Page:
This intriguing trifecta – sex, food and money, are three of the most sought-after pleasures life has to offer. Yet, we’ve all suffered the extremes of having too much of a good thing – when longing becomes lust and increasing stress and anxiety are the result of obsession.
There are warning signs that we may or may not choose to listen to, such as are nagging little thoughts or outrageous behaviors that become hard to ignore. These warning signs indicate perhaps seeking help is a good idea, around about – now.
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In this first of three articles, I’ll address sexual addiction and reveal how you can develop awareness and mindfulness into your behaviors and take the first steps towards a healthy, loving, fulfilling sexual relationship. 4 Things You May Not Know About Sex Addiction
1. Awareness of When the Healthy Becomes the Unhealthy
Like other addictions, sexual addiction is difficult to address until one accepts that there’s a problem and becomes aware of how their behavior may be affecting their everyday life.
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Sadly, it’s often a major event such as a breakup over an affair or a health crisis that signals to an addict that it may be time to seek help. So, learning about various types of sexual addiction becomes key.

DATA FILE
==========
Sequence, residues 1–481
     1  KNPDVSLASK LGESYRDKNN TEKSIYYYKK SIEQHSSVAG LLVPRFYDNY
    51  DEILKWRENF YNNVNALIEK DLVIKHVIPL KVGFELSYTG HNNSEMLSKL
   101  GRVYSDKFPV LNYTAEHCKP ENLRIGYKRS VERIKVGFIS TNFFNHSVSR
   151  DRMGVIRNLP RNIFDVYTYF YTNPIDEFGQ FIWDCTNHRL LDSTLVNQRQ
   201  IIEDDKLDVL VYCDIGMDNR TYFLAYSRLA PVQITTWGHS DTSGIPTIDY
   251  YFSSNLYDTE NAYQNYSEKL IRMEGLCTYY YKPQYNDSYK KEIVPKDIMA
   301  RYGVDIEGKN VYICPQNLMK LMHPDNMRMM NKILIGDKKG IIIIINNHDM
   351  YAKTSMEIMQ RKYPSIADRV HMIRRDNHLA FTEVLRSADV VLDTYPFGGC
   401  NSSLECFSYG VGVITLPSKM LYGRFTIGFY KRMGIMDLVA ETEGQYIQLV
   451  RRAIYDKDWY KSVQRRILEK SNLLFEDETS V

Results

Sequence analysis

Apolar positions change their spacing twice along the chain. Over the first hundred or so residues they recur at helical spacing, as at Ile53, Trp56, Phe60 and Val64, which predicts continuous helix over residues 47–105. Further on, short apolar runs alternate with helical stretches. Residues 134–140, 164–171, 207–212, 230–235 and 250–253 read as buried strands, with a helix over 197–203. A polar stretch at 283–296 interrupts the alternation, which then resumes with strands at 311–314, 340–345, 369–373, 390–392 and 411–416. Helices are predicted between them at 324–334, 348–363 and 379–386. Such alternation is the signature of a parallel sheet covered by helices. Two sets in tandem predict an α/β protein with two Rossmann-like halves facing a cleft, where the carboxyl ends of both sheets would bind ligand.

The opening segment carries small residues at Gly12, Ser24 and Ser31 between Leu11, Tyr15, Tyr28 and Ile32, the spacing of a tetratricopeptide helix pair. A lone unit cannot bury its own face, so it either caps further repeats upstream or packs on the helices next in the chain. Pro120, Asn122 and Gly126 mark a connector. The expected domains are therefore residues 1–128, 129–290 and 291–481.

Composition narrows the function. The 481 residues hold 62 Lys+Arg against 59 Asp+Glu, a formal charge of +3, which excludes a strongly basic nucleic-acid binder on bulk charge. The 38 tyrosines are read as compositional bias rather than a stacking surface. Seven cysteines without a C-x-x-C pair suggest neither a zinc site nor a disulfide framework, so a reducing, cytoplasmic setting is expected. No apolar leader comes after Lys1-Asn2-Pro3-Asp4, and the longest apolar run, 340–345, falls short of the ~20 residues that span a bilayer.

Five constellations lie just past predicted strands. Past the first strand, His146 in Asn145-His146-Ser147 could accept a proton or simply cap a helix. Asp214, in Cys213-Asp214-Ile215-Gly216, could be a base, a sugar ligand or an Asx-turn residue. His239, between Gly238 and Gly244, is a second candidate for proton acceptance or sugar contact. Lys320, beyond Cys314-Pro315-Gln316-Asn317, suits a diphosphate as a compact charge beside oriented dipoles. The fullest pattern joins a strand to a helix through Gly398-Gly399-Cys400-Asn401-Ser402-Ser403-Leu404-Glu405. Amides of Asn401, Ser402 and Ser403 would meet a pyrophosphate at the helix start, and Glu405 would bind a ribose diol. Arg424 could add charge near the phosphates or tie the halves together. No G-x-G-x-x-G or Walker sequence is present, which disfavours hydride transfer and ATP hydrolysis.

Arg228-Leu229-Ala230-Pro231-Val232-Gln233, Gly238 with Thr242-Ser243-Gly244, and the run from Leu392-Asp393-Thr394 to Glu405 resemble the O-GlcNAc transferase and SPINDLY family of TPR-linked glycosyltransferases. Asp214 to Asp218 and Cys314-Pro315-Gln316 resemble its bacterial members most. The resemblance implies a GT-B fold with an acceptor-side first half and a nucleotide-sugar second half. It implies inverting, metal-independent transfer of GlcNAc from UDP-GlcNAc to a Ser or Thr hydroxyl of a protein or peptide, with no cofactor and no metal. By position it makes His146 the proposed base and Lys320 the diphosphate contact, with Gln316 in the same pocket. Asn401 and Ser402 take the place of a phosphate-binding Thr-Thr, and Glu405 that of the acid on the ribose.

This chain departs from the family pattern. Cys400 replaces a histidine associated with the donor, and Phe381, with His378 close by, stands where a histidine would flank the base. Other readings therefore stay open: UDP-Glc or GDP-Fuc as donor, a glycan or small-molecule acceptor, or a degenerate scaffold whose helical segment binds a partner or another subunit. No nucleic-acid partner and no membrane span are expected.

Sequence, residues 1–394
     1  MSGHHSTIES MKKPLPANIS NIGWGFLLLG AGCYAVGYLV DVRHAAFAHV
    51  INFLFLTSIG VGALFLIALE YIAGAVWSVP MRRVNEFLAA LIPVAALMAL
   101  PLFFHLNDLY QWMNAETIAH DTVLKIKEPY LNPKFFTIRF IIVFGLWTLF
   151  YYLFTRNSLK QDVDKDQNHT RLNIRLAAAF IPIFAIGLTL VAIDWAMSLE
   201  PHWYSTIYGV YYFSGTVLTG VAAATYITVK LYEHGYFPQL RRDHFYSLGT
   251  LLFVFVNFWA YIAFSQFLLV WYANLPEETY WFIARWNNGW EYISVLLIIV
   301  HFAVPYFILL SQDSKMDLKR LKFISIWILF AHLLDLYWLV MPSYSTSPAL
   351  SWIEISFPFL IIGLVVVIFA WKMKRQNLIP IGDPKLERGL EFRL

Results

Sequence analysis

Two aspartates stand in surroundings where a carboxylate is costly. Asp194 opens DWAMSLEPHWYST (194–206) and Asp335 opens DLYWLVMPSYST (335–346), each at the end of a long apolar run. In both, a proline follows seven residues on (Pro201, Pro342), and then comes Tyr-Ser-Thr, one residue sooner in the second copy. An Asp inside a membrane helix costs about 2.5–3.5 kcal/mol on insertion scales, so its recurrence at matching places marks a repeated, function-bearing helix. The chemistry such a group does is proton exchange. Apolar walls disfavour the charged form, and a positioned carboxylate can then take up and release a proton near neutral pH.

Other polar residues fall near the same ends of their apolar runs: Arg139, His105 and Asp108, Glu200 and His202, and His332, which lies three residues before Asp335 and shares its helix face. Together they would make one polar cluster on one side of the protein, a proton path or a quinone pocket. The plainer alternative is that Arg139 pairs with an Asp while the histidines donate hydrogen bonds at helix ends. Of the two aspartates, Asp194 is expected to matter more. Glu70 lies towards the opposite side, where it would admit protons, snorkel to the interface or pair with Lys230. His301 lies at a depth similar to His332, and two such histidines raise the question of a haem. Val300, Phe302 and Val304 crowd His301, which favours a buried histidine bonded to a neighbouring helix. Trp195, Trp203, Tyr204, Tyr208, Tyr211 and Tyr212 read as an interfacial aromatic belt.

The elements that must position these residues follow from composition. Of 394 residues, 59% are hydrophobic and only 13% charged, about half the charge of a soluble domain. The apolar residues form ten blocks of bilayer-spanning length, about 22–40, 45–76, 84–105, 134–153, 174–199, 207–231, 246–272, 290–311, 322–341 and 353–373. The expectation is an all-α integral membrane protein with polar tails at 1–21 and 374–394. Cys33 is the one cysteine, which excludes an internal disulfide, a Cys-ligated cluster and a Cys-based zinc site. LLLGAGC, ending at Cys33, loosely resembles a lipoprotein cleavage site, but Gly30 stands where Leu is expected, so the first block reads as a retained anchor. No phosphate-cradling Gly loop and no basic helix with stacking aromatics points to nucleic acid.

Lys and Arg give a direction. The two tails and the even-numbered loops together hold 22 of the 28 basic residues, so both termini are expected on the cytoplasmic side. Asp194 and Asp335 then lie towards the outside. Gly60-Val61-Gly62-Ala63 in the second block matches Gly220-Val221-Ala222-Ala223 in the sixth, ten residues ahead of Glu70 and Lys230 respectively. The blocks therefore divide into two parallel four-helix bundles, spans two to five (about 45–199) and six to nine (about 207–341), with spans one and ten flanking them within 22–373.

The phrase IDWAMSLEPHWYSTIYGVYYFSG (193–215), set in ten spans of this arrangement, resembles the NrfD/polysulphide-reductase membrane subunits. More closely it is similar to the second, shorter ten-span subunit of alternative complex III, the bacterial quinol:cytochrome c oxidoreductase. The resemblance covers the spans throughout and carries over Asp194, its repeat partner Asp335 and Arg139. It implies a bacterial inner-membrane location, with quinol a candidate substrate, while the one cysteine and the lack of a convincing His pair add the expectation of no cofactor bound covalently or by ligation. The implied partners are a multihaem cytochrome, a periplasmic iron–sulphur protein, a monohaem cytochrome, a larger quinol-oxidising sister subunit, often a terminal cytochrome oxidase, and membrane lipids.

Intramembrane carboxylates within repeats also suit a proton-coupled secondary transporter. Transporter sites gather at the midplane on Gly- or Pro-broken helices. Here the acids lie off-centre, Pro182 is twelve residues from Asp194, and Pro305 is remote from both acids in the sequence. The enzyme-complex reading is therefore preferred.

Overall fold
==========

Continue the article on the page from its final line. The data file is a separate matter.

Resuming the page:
Dr. Patrick Carnes, a noted sex addiction expert and author of “Don’t Call It Love” outlines a number of problematic sexual behaviors that can indicate addiction:
- Fantasy sex involves an obsession with a fantasy sex life that’s so overwhelming that one stops having genuinely love sexual relationships.
- Seductive sex involves manipulating and charming others into numerous sexual relationships and affairs.
- Anonymous sex involves feeling aroused by strangers to the exclusion of forming personal relationships.
- Paying for sex and trading for sex are two forms of business arrangements that preclude an emotionally healthy sexual relationship.
- Voyeuristic sex involves becoming aroused by watching other people have sex through pornography or secretly watching people have sex.
- Exhibitionistic sex involves flashing parts of ones body in public, posing for photos or having sex where other people can see the sex taking place for the purpose of causing shock or disapproval.
- Intrusive sex and exploitive sex involve touching others sexually without their permission; often in relationships in which one person has authority over another.
- Pain exchange sex or S & M involves associating pain with sexual pleasure.